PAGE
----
Joe dresses, walks outside and takes a deep breath. The air he breathes is clean, because some environmentalist wacko liberal fought for laws to stop industries from polluting our air.
He walks to the subway station for his government-subsidized ride to work. It saves him considerable money in parking and transportation fees, because some fancy-pants liberal fought for affordable public transportation, which gives everyone the opportunity to be a contributor.
Joe begins his work day. He has a good job with excellent pay, medical benefits, retirement, paid holidays and vacation, because some lazy liberal union members fought and died for these working standards.
Joes employer pays these standards, because Joe's employer doesn't want his employees to call the union.
If Joe is hurt on the job or becomes unemployed, he'll get a worker compensation or unemployment check, because some stupid liberal didn't think he should lose his home, because of his temporary misfortune.
Its noontime and Joe needs to make a bank deposit so he can pay some bills. Joe's deposit is federally insured by the FSLIC, because some godless liberal wanted to protect Joe's money from unscrupulous bankers who ruined the banking system before the Great Depression.
Joe has to pay his Fannie Mae-underwritten mortgage and his below-market federal student loan, because some elitist liberal decided that Joe and the government would be better off if he was educated and earned more money over his lifetime.
Joe is home from work. He plans to visit his father this evening at his farm home in the country. He gets in his car for the drive. His car is among the safest in the world, because some America-hating liberal fought for car safety standards.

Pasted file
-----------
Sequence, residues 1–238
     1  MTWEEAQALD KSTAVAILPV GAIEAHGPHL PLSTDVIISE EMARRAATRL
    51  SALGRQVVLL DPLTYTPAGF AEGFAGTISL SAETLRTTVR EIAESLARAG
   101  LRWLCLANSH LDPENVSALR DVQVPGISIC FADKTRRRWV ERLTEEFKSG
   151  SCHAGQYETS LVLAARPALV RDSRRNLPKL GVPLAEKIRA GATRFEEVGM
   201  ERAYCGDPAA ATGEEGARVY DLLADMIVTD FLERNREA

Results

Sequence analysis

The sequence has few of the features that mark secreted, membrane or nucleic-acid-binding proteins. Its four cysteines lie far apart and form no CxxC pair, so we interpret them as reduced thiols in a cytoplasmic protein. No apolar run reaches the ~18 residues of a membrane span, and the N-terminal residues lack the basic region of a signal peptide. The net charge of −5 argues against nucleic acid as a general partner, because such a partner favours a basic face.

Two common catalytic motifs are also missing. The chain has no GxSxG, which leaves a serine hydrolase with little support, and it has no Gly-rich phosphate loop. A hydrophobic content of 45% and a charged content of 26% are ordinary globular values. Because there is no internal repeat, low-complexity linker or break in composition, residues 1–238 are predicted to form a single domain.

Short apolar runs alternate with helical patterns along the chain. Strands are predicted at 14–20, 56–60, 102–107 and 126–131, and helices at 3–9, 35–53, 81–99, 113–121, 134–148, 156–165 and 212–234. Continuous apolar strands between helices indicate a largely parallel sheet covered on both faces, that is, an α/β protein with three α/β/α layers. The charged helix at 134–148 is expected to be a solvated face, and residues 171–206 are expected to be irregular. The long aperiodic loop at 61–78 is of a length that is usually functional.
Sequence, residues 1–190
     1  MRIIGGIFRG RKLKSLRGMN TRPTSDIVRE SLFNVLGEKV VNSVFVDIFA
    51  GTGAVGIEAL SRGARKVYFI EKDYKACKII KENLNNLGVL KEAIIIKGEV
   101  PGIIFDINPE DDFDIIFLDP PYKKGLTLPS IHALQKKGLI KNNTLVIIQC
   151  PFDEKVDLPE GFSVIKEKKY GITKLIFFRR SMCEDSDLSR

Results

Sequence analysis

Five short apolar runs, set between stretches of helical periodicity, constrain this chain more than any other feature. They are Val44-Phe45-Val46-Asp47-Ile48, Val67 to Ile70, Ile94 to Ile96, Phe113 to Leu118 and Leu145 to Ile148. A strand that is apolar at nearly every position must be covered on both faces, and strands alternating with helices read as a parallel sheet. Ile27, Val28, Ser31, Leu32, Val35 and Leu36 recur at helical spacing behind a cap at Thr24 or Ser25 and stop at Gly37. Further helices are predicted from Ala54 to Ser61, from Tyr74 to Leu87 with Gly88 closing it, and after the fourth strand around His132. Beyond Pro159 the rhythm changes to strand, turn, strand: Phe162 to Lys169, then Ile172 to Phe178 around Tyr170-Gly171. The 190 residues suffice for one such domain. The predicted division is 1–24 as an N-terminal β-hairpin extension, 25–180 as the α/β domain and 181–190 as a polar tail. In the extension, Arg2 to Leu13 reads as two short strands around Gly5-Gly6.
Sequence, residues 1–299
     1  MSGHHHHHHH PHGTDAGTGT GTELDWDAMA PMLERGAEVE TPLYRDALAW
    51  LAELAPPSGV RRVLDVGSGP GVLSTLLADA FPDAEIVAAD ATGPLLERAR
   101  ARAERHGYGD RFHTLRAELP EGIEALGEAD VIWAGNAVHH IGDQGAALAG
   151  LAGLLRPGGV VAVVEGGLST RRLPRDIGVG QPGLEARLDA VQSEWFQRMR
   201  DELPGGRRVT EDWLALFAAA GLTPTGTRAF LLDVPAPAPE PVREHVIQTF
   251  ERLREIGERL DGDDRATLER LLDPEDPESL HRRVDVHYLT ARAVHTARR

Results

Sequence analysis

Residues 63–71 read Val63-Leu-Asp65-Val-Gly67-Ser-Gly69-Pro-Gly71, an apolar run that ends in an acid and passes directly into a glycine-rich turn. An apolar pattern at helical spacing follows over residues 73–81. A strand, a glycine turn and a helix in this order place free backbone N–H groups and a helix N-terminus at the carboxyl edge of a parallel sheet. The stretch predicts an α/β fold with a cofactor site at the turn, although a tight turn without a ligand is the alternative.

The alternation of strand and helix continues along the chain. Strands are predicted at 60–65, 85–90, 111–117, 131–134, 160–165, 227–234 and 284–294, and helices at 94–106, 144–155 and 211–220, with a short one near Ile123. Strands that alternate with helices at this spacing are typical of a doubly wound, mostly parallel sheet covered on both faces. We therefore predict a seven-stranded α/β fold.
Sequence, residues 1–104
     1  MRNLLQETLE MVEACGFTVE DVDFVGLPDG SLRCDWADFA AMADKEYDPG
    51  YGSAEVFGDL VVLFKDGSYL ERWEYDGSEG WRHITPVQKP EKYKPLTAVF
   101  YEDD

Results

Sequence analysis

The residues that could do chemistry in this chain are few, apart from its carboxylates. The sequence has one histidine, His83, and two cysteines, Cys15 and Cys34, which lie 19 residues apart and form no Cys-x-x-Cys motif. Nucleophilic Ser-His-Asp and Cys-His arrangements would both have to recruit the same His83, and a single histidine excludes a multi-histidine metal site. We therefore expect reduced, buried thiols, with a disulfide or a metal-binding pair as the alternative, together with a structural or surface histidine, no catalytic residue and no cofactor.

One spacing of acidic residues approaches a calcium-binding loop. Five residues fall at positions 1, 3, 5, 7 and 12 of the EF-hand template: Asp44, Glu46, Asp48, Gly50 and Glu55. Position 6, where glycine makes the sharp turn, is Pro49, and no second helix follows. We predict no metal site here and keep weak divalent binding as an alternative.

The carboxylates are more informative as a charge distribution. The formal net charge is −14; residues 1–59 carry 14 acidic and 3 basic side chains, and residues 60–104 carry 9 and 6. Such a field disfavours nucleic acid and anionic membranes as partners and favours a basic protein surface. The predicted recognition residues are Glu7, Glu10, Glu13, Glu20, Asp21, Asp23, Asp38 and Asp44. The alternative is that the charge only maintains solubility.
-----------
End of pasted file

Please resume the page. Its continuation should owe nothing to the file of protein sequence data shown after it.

He arrives at his boyhood home. His was the third generation to live in the house financed by Farmers' Home Administration, because bankers didn't want to make rural loans.
The house didn't have electricity until some big-government liberal stuck his nose where it didn't belong and demanded rural electrification.
He is happy to see his father, who is now retired. His father lives on Social Security and a union pension, because some wine-drinking, cheese-eating liberal made sure he could take care of himself so Joe wouldn't have to.
Joe gets back in his car for the ride home, and turns on a radio talk show. The radio host keeps saying that liberals are bad and conservatives are good. He doesn't mention that the beloved Republicans have fought against every protection and benefit Joe enjoys throughout his day.
Joe agrees: "We don't need those big-government liberals ruining our lives! After all, I'm a self-made man who believes everyone should take care of themselves, just like I have."